While sitting around a campfire in 100 heat index evenings may not sound ideal, there are still plenty of places to check out in nature. Take a float trip on the Current River. Get too hot, jump in the water, especially if you are on a river with lots of springs feeding in. Take a hike to Devil's Icebox at Rock Bridge Memorial State Park less than 90minutes from STL. Feel like taking it easy out there? Try a class at Shaw Nature Reserve http://www.shawnature.org/August.aspx Or go fishing down in the Arcadia Valley Region full of oak and hickory forests, flowing rivers and numerous lakes and streams. Stay connected!


July 1st and it's Hot Hot Hot!

By: dragonflyF15, 1:50 PM GMT on July 01, 2012

With this kind of heat, long soakings are needed and don't forget the trees and shrubs. Stick a garden hose under the mulch, turn on the water so that it is low volume and let it set for a few hours. Keep water fresh for the critters! Looks like another hot and dry week for us!

Gardening tasks for July, Zone 4-6:
-Remove infected leaves from roses. Pick up fallen leaves. Continue fungicidal sprays as needed.
-While spraying roses, mix extra and spray hardy Phlox to prevent powdery mildew.
-Keep deadheading spent annual flowers for continued bloom.
-Keep weeds from making seeds now. This will mean less weeding for next year.
-Newly planted trees and shrubs should continue to be watered thoroughly, once a week.
-Provide water in the garden for birds, especially during dry weather.
-Fertilize container plants every 2 weeks with a water soluble solution.
-Spray hollies for leaf miner control.
-Apply final treatment for borers on hardwood trees.
-Prune climbing roses and rambler roses after bloom.
-Plant zinnia seeds by July 15th for late bloom in annual border.
-Apply no fertilizers to trees and shrubs after July 4th. Fertilizing many cause lush growth that is apt to winter kill.
-Hot, dry weather is ideal for spider mite development. Damage may be present before webs are noticed. Alternate between Neem oil and insecticidal soaps every 7-10 days to control.
-Fall webworms begin building near the ends of branches of infested trees. Prune off webs. Spray with B.T. If defoliation becomes severe.
-Divide and reset oriental poppies after flowering as the foliage dies.
-Semi-hardwood cuttings of spring flowering shrubs can be made.
-Summer pruning of shade trees can now be done.
-Powdery mildew is unsightly on lilacs, but rarely harmful. Shrubs grown in full sun are less prone to this disease.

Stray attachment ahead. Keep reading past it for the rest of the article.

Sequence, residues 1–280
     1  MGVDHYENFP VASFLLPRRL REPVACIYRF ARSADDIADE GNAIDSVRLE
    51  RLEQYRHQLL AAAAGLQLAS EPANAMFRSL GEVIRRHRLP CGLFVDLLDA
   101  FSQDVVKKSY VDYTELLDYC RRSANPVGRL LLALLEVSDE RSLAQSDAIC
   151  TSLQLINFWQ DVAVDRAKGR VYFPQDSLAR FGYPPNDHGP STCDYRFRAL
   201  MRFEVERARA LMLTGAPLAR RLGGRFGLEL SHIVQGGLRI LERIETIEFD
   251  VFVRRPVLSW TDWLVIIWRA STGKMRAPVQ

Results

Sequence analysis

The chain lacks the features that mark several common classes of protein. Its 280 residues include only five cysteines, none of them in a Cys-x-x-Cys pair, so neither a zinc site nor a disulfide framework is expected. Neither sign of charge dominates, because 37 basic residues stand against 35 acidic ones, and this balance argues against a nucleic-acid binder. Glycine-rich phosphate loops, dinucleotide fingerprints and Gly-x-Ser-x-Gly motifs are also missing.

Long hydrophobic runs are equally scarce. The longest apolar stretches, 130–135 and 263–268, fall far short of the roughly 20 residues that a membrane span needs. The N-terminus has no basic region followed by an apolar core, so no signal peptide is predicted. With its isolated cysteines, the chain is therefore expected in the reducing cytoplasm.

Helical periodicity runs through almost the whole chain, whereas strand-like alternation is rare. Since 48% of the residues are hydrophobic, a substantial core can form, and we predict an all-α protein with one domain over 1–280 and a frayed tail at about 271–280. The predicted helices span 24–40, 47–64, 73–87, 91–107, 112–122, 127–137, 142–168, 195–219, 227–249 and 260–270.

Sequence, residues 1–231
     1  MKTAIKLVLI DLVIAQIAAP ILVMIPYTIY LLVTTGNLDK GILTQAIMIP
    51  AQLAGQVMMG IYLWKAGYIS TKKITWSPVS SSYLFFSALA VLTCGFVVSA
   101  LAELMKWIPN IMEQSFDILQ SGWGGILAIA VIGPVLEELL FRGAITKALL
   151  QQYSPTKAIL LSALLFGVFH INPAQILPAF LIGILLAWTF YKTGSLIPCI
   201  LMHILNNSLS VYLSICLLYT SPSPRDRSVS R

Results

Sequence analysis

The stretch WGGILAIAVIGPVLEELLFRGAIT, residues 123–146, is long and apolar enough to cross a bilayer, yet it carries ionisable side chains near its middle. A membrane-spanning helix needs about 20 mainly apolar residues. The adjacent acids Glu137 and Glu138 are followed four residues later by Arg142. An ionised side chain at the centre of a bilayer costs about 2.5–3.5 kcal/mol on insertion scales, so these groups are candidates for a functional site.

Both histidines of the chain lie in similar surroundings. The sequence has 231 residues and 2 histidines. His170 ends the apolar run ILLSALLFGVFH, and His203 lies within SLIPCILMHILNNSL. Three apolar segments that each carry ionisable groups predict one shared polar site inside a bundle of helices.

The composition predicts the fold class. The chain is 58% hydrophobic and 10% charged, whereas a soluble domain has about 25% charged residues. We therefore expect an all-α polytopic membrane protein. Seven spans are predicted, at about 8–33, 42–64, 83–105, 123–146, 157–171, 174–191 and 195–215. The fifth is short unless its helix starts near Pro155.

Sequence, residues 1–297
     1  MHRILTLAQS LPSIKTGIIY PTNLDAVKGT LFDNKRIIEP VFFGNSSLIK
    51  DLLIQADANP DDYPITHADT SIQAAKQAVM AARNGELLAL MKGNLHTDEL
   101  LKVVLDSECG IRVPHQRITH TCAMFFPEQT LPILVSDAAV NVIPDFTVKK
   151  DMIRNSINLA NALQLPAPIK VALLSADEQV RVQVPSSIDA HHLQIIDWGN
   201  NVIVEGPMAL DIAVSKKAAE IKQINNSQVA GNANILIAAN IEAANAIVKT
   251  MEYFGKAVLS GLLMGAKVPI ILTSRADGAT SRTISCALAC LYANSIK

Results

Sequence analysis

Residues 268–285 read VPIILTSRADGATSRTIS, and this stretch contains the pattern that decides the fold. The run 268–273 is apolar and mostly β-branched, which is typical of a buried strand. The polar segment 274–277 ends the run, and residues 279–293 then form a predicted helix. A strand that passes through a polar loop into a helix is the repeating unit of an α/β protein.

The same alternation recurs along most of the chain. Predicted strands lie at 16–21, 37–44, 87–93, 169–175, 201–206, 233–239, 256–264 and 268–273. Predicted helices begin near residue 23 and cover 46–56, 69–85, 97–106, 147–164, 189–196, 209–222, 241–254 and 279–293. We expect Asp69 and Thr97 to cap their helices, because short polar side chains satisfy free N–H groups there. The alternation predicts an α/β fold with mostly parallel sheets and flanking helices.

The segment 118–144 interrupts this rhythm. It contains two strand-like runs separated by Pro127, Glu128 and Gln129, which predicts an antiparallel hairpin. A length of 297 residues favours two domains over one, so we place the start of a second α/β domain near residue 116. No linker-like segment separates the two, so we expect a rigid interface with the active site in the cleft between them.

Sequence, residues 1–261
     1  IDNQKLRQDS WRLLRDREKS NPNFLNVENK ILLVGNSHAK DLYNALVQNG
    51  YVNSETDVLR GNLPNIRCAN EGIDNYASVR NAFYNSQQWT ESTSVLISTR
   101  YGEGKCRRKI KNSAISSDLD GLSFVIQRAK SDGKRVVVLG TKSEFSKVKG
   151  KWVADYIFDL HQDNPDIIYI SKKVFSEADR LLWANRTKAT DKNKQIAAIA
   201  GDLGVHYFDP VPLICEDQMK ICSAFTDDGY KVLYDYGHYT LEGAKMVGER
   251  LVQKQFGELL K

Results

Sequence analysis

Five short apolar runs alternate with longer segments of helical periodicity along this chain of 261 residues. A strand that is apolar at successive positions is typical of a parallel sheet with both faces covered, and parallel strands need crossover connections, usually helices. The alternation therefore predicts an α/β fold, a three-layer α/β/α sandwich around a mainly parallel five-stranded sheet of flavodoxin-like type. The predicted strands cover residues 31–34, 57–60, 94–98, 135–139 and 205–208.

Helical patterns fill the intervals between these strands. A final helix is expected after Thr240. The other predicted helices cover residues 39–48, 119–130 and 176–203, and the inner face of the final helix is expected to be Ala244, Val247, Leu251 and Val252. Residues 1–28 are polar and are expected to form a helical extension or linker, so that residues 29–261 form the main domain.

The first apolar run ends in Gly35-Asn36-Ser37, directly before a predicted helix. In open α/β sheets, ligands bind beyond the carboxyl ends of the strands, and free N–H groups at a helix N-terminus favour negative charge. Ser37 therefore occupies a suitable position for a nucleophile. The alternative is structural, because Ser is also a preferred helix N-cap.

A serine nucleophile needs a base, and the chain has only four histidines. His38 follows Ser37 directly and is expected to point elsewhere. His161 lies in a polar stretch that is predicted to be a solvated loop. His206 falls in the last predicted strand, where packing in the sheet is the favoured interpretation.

-Divide bearded iris now.
-Don't pinch mums after mid-July or you may delay flowering.

-Water frequently enough to prevent wilting. Early morning irrigation allows turf to dry before nightfall and will reduce the chance of disease.
-Monitor lawns for newly hatched white grubs. If damage is occurring apply appropriate controls following product label directions.

-Blossom-end rot of tomato and peppers occurs when soil moisture is uneven. Water when soils begin to dry; maintain a 2-3 inch layer of mulch.
-To minimize insect damage to squash and cucumber plants, try covering them with lightweight floating row covers. Remove covers once plants start to flower.
-Dig potatoes when the tops die. Plant fall potatoes by the 15th.
-For the fall garden, sow seeds of collards, kale, sweet corn and summer squash as earlier crops are harvested.
-Set out broccoli, cabbage, and cauliflower transplants for the fall garden.
-Sweet corn is ripe when the silks turn brown.
-Harvest onions and garlic when the tops turn brown.
-Sow seeds of carrots, beets, turnips and winter radish now.

-Cover grape clusters loosely with paper sacks to provide some protection from marauding birds.
-Prune out and destroy old fruiting canes of raspberries after harvesting is complete.
-Blackberries are peaking now.
-Apply second spray to trunks of peach trees for peach borers.
-Early peach varieties are ripening now.
-Thornless blackberries should be ripening now too.

Happy Gardening!


The views of the author are his/her own and do not necessarily represent the position of The Weather Company or its parent, IBM.

dragonflyF15's WunderBlog

About dragonflyF15

40yrOld Horticulturist,which means I'm a plant/tree/shrub Geek.My work revolves around Mother N and weather.I love working,playing,resting outdoors!

Ad Blocker Enabled